Back in 1996, Marvel Comics brought in a teenage version of Tony Stark, aka Iron Man, in an “Avengers” storyline that was largely criticized and later undone and mostly ignored.
You’d think that might have been the last anyone heard of Teen Tony, but when “Iron Man: Armored Adventures” debuted in 2009, the series retrofitted Tony’s origin and supporting cast onto high school age characters, making the series something of an Iron Man/Spider-Man hybrid. The second season began in 2011, and the first six episodes come to DVD in “Iron Man: Armored Adventures — Season 2 Part 1.”
In “Armored Adventures,” Tony’s a 16-year-old supergenius, who is heir to tech company Stark International. His high school pals include James “Rhodey” Rhodes and Pepper Potts. As the second season begins, Rhodey is wearing the “War Machine” armor as Tony has been away from the armor. He’s forced to suit up again when corporate execs are kidnapped and Tony’s father’s company is endangered. The series features updated versions of classic Iron Man villains Whiplash and Blizzard. Tony must fight detractors in his own company — Obadiah Stane, running the corporation until Tony turns 18 — and outside it — new rival Justin Hammer, played as the Justin Timberlake of weapons companies.
In the third episode, Tony must help out his former villain the Living Laser, split into two distinct personalities; in the fourth episode the near-unstoppable spy the Ghost attempts to steal the Iron Man armor.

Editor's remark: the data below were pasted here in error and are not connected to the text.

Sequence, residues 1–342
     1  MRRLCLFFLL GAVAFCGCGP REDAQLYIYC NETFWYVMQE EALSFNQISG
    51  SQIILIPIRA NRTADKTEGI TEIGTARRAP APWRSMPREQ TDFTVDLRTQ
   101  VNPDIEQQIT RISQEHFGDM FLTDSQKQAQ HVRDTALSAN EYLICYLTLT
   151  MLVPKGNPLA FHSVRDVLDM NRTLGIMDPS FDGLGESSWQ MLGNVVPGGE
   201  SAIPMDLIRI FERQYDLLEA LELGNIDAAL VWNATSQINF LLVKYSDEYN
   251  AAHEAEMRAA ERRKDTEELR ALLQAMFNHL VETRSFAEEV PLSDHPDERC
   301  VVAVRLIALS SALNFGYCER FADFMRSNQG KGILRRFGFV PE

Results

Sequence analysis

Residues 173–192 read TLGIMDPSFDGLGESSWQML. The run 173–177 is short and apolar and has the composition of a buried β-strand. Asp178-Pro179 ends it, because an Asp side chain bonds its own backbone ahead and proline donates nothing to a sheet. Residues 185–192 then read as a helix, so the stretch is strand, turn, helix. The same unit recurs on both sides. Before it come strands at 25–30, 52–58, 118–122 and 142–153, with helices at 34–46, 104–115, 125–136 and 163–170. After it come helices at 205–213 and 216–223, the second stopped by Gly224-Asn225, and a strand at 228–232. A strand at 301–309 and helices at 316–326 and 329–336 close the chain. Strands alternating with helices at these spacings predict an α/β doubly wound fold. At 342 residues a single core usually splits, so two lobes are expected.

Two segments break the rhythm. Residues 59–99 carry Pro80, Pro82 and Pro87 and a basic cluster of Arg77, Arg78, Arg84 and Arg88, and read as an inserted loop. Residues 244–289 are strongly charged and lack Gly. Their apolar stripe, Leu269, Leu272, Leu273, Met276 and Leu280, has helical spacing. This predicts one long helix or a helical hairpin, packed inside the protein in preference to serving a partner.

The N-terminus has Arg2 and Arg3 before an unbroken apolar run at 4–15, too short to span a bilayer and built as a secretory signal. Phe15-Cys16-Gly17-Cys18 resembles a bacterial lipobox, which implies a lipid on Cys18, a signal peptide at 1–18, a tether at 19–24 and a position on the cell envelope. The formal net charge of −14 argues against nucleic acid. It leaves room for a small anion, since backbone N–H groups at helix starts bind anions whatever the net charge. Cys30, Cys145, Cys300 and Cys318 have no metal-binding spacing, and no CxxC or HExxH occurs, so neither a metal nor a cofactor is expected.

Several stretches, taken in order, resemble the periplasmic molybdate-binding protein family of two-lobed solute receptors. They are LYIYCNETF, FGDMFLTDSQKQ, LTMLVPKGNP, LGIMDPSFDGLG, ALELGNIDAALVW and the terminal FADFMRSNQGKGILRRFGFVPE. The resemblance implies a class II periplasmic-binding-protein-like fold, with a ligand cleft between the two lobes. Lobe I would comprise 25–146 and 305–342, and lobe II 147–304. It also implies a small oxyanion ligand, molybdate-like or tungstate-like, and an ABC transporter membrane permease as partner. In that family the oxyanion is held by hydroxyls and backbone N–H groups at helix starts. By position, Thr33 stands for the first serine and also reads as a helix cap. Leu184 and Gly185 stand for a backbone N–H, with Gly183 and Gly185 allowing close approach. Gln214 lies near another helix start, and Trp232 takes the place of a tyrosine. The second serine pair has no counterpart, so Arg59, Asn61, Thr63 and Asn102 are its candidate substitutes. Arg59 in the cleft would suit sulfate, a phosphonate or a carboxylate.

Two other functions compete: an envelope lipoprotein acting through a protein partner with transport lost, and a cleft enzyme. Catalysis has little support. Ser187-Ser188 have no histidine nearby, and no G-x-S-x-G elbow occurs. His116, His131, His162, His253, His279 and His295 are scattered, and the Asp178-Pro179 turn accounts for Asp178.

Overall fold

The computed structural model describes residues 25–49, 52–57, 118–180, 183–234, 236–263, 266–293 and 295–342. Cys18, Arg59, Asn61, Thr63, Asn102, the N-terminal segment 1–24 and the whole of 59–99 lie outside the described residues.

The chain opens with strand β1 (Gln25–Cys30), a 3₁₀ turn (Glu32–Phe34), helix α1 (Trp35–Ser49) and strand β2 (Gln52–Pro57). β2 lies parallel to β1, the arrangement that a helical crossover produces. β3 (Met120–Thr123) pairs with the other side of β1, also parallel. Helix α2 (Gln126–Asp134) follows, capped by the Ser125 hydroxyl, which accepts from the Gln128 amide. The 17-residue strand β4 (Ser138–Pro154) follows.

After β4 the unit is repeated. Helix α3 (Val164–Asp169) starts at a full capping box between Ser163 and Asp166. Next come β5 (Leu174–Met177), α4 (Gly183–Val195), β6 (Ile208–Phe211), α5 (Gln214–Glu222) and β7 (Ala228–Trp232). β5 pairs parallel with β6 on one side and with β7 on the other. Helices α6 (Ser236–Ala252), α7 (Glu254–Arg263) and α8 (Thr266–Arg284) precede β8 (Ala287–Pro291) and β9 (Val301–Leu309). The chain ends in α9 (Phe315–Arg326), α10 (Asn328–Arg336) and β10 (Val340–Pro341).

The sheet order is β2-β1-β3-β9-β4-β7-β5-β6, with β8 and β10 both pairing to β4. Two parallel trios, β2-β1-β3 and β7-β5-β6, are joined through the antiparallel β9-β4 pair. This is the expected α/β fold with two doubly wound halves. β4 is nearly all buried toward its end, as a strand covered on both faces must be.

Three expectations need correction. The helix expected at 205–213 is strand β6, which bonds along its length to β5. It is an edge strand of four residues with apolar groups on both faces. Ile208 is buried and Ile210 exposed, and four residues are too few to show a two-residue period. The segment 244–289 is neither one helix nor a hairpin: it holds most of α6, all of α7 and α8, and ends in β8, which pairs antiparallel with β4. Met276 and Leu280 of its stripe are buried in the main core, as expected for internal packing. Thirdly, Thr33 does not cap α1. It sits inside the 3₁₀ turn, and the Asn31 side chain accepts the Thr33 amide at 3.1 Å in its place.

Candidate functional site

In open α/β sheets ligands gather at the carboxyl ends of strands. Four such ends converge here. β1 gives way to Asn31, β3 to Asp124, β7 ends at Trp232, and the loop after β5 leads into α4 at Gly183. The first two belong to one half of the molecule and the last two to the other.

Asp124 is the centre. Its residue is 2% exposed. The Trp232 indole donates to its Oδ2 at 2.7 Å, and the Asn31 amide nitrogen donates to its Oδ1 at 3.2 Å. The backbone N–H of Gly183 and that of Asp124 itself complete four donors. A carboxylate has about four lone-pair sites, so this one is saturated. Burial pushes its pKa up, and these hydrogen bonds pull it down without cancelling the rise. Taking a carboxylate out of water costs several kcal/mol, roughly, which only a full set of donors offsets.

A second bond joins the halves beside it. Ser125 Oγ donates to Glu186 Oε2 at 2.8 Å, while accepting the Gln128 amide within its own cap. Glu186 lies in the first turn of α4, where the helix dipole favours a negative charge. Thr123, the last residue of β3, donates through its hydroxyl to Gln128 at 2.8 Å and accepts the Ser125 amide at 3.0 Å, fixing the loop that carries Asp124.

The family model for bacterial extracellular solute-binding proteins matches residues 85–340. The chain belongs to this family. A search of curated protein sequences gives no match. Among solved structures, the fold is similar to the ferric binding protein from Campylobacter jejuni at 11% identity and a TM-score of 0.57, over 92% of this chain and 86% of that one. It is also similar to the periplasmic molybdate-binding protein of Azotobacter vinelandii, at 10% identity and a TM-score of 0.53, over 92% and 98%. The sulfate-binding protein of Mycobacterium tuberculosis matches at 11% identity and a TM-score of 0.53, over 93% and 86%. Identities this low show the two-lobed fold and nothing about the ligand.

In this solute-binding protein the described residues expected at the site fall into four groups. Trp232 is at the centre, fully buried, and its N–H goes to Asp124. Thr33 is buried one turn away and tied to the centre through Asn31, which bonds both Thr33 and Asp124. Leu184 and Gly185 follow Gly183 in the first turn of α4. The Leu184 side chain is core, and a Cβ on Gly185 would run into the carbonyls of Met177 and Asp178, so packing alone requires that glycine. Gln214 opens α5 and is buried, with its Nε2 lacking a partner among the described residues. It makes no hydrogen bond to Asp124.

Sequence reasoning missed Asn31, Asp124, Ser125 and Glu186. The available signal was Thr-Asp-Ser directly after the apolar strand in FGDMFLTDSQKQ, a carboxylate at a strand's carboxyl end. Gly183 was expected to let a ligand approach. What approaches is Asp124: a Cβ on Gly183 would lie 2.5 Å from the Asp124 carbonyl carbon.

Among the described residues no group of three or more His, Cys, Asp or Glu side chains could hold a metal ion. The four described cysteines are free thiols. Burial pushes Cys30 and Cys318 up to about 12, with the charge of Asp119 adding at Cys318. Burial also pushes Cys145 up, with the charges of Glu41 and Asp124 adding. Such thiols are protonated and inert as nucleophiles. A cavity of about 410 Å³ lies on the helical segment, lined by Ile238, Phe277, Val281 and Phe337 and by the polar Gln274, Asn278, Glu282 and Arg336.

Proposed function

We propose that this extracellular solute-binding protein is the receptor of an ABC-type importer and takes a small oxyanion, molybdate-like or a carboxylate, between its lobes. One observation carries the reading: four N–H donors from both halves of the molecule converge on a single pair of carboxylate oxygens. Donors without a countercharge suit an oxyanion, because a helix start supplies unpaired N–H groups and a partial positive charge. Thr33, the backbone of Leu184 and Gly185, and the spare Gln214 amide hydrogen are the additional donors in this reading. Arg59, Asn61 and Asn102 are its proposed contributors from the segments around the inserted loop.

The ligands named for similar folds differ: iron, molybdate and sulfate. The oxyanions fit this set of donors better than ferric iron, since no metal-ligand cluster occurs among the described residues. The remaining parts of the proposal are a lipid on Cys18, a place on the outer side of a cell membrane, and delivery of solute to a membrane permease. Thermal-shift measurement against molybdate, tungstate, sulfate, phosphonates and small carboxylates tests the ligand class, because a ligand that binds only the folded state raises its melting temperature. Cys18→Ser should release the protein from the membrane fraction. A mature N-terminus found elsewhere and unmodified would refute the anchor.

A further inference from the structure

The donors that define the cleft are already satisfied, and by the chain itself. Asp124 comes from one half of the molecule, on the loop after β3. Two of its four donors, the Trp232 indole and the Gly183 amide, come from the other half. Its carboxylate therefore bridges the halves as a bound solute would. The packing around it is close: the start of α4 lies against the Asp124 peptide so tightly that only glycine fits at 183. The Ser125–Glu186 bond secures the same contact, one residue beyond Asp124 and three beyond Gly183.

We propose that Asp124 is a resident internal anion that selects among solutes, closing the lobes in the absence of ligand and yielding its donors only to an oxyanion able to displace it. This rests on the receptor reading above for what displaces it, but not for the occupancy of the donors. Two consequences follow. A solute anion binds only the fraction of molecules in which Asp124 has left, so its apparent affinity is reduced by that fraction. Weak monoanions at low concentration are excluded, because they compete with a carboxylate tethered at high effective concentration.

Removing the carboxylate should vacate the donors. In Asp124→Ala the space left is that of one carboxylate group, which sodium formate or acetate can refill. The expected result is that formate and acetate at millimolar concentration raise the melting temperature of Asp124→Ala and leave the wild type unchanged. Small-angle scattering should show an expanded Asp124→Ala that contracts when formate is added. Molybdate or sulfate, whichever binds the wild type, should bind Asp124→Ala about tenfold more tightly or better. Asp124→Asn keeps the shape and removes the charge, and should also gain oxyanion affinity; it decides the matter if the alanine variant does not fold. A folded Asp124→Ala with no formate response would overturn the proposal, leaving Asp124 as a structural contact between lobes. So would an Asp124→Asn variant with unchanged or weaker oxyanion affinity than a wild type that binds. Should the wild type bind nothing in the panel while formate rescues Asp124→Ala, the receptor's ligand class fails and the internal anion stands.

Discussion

The high point of this release is “Armor Wars,” loosely based on the comics storyline of the same name that’s considered an “Iron Man” strong point. Tony’s Iron Man designs are stolen by the Ghost and sold to Stane, who creates knockoff corporate iron men called “The Guardsmen.” Tony’s forced to go rogue to discredit the Guardsmen and retrieve his designs. In the final episode on the disc, Black Panther guest stars as Tony finds out Stark International may be involved in a foreign civil war.
The show is clearly aimed at a younger demographic, and tweaks what fans may expect from the comics and feature films. The animation works well for the armor scenes, but at times is less impressive for flesh-and-blood characters. Iron Man’s younger fans will likely enjoy it; for older fans it’s at best a stopgap until Robert Downey Jr. again puts on the armor.
— Matthew Price
From Friday’s The Oklahoman